It is very much a buzz word, and has been for a little while now. But what does it really mean? One definition I found was pretty apt: “Practically, sustainability refers to three broad themes, economic, social and environmental, that must all be coordinated and addressed to ensure the long term viability of our community and the planet.” (http://www.benefits-of-recycling.com/definitionforsustainability.html)
True sustainability is, I believe, hard to achieve, but once there, should be, by definition easy to maintain. 1 years ago, I started researching mudbrick, ramed earth and strawbale houses, 11 years ago, Hayley and I purchased our first house in The Basin, at the foothills of Mount Dandenong and a little over 1 year ago, we purchased our little piece of heaven south of Buninyong. Here, we have tried and continue to try to live a life that is as sustainable as we possibly can, in every sense of the word. Our market garden is in it’s infancy, but is slowly producing an income, socially, we have made a number of new friends in the local area and have kept the friendships we have made from the places we have lived over the past 12 years and environmentally we are trying to minimise our impact on this planet both on a local level but also a global level.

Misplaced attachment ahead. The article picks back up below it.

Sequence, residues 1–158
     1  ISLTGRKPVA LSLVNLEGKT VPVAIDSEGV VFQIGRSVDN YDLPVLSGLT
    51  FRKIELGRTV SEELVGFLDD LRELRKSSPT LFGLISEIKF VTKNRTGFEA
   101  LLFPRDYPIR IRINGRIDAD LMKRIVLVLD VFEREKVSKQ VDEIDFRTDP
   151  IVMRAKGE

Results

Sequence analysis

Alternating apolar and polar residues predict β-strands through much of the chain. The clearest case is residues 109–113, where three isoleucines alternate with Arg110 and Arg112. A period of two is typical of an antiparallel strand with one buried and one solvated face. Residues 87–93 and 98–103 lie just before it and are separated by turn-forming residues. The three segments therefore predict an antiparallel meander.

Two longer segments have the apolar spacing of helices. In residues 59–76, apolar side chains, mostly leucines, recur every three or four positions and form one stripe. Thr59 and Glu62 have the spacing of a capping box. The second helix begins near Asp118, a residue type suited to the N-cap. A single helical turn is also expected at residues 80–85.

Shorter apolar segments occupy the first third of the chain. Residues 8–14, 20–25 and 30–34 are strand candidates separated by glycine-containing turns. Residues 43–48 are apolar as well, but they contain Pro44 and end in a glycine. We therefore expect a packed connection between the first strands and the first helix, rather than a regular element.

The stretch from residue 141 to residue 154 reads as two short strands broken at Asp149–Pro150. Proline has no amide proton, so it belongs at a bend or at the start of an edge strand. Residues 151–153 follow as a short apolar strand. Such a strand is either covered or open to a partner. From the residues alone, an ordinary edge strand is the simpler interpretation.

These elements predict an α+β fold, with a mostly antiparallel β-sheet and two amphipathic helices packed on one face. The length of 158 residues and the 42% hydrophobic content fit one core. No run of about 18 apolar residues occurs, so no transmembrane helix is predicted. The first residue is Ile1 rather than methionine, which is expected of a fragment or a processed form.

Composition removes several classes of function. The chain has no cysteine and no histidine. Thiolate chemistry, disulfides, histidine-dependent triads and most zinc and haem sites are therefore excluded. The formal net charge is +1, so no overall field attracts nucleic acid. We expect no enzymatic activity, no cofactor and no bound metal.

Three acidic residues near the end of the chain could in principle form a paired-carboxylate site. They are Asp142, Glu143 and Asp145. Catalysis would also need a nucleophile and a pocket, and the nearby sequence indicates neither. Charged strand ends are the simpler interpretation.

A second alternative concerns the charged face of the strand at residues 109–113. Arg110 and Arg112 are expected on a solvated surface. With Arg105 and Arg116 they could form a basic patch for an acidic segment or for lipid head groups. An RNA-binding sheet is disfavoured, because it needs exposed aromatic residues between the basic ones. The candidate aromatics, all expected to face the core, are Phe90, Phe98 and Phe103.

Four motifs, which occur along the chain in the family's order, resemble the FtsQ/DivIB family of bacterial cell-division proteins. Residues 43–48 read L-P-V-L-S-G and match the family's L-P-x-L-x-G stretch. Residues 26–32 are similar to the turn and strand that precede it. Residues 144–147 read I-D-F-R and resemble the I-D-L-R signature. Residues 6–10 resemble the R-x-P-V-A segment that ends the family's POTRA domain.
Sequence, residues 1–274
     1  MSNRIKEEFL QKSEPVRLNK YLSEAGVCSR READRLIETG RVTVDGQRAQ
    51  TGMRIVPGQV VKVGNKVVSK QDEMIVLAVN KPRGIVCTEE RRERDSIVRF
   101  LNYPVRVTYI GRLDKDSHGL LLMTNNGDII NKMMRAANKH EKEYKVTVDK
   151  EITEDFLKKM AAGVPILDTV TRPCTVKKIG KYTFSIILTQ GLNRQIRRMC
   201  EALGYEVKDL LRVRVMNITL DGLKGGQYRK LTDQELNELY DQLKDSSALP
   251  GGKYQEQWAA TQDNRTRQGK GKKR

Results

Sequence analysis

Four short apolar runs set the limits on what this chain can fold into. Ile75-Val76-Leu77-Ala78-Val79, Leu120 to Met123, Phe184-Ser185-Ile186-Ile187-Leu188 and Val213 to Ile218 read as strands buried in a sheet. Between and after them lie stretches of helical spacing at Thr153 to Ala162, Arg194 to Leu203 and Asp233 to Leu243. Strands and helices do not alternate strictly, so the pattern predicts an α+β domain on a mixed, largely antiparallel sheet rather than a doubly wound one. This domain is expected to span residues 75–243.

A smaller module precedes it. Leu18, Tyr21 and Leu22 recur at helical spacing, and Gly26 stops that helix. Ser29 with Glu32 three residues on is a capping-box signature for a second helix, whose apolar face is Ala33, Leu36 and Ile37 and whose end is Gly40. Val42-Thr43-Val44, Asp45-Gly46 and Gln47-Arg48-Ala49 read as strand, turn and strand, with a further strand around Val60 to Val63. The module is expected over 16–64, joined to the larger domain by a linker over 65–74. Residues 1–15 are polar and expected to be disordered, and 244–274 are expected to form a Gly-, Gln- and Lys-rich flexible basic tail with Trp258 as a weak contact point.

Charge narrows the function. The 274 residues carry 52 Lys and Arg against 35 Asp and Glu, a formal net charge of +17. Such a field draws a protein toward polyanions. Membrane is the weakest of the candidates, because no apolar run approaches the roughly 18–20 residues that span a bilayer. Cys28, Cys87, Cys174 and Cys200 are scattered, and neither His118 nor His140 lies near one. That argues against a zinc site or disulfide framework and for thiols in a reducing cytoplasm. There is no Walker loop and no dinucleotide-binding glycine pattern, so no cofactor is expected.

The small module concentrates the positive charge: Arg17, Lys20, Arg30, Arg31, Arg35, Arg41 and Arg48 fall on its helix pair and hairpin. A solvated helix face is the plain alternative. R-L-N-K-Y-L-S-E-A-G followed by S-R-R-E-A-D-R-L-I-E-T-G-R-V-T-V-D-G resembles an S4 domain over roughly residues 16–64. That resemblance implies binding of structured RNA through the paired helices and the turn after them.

In the coming months, the farm will have a new sustainable addition in the form of a small greenhouse to house my Aquaponics Mk III and to raise our seedlings, a shade house and a strawbale work shed which will be the hub of our market garden operation. The plan is to have the aquaponics system running purely off solar and also electrify the shed via the same off-grid solar system. This is all a big ask to get done with little to no money while working full time and market gardening in the my spare time, not to mention be a loving and caring dad and husband, but in the long run, it will be worth it. I am a stubborn mule, and maybe a little OCD (OK a lot), so when I get stuck on an idea, I don’t stop until I follow it through. Lucky Hayley and the kids are understanding and also see the bigger picture!
But it doesn’t just end here on the farm. At work work, I have the privilege to be closely involved in the “sustainability” development. This includes both the academic element as well as the practical element. I am in the midst of planning a “Tiny Farm” at the school, which, over 3-5 years will hopefully feed the school ie canteen and home economics department, as well as provide excess to sell to the immediate community. Hopefully all this work will make an impact on the students and they begin to understand why this buzz word is so important.